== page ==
Where to eat in Bourton-on-the-Water 

Restaurant, pub or café? There are lots of options to ‘grab a bite’ within the village of Bourton-on-the-Water. With the village located in the heart of the Cotswolds, fantastic independent bakeries and tearooms offer mouthwatering cakes and scrumptious British Cream Teas.  

The aptly named Bakery on the Water is a firm favourite with locals and visitors. Known for its handmade bread, which is baked all day, grab a treat, and sit in their waterside garden for a quick break in sightseeing. Serving breakfast, lunch and classic cream teas, whatever the time of day, something is baking!  

The Riverside Café and The Den, also sit in the village and offer great lunchtime options including Vegan and gluten-free. If the weather is balmy, the Riverside Café also sells ice creams and of course, a classic cream tea can be enjoyed whatever the weather!  

Local’s Tip: If you’re visiting Bourton on the fourth Sunday of the month then you’ll catch the Bourton-on-the-Water Farmers’ and Producers’ Market in the Royal British Legion car park. Take home a tasty chutney, jam or selection of fresh meats and cheese from local suppliers 

With plenty of treats inside, it's difficult to choose fom BOTW's wonderful selection. If pushed, our favourite is the Chelsea Bun. Image: Simon Godfrey

Pubs and restaurants 

If you’re staying later into the evening, overnight or just fancy a bigger meal then there is a sprinkling of restaurants and classic British pubs to be found in Bourton-on-the-Water.  

The Mousetrap Inn is just out of the centre of Bourton but is a historic pub bursting with charm. If you’re looking to experience a classic British Pub, then this is it! We love this pub because it is proudly independent, using locally sourced produce and seasonal ingredients as part of its dishes. It is high-end pub food with a delightful atmosphere.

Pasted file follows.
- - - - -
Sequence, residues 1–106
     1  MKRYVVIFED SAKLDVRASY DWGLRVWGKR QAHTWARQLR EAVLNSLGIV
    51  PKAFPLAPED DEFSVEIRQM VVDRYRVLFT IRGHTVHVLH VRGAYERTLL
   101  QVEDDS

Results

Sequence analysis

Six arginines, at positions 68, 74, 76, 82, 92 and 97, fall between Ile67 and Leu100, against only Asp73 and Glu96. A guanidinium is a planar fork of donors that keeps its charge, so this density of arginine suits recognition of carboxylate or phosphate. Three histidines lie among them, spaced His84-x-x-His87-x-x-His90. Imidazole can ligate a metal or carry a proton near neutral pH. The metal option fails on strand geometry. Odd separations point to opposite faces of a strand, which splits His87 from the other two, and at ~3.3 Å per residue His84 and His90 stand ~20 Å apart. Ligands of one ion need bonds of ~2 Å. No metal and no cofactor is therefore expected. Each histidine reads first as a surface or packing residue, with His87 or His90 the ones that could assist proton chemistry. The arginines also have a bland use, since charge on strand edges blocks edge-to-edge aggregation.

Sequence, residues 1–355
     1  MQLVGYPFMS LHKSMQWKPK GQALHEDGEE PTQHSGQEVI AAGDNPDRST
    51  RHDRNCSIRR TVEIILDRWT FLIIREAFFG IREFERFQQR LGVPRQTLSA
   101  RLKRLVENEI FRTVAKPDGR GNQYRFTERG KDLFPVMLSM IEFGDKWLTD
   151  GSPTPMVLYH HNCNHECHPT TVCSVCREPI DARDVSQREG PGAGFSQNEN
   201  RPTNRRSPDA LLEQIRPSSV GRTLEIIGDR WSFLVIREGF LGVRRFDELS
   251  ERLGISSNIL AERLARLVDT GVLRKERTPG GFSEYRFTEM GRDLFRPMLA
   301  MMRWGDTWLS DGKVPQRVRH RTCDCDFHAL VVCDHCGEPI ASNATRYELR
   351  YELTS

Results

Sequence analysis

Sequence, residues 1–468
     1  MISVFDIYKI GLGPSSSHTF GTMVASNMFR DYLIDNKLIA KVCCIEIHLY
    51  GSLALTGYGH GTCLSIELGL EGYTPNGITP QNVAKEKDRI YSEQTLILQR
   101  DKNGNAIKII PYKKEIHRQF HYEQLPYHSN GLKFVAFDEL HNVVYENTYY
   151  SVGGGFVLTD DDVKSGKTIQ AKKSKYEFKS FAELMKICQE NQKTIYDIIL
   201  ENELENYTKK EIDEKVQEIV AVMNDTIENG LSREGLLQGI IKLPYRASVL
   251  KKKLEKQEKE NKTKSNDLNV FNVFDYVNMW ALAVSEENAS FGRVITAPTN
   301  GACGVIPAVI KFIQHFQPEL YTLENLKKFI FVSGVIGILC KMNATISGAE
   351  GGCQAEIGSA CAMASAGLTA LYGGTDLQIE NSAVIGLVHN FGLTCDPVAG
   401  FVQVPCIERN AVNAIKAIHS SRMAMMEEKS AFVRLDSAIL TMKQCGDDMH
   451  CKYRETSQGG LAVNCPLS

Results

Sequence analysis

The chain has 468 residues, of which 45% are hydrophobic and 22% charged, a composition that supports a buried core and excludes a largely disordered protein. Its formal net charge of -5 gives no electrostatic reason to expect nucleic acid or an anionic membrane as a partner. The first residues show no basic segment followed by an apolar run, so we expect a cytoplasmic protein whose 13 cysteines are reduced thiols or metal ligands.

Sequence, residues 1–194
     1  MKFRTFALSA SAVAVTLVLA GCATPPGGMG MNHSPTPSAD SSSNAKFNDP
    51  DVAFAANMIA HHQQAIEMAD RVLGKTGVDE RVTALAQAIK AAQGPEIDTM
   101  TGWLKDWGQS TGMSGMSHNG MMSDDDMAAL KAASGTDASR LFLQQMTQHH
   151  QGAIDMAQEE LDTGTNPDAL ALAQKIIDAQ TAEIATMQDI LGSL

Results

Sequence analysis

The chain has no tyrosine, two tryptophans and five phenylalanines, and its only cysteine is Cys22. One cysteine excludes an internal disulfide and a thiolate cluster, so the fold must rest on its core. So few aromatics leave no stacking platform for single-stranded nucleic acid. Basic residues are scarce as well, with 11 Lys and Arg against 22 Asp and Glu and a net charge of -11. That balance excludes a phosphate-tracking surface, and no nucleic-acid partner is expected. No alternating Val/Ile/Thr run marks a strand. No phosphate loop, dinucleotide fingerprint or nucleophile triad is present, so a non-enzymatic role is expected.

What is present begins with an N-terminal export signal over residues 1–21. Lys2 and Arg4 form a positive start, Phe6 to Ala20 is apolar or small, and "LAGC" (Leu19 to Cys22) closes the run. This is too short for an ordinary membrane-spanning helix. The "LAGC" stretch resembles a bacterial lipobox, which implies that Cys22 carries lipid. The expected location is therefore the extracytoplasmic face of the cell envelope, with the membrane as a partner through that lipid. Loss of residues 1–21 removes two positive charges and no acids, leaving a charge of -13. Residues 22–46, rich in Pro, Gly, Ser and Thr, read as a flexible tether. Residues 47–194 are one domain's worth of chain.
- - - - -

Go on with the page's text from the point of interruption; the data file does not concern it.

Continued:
The Willow pub is a former converted tearoom next to the Motor Museum in the centre of Bourton. A large beer garden where you can soak up the summer evenings next to the water provides an atmospheric place to relax after a day exploring the Cotswolds. 

To continue your quintessential Cotswold experience, look no further than the Rose Tree Restaurant. Set in a cosy grade II listed stone cottage with a garden on the banks of the River Windrush this restaurant provides the perfect setting for dinner. The family-run restaurant provides home-cooked food using fresh, seasonal ingredients which is great for the environment and the taste buds!  

Overall, Bourton-on-the-Water captivates visitors with its classic Cotswold charm, offering a perfect blend of natural beauty, cultural heritage, and leisurely pursuits.  

We would recommend spending time in the Cotswolds area and giving yourself flexibility to adjust your schedule according to weather and how busy the towns and villages are.  

Walking the Cotswold area always provides the opportunity to come across hidden gems, stunning views and ‘off the beaten track’ eateries to ensure you leave having had your own unique Cotswold experience.  

Fancy cycling through the Cotswolds? Check out our Cotswold guided bike tours.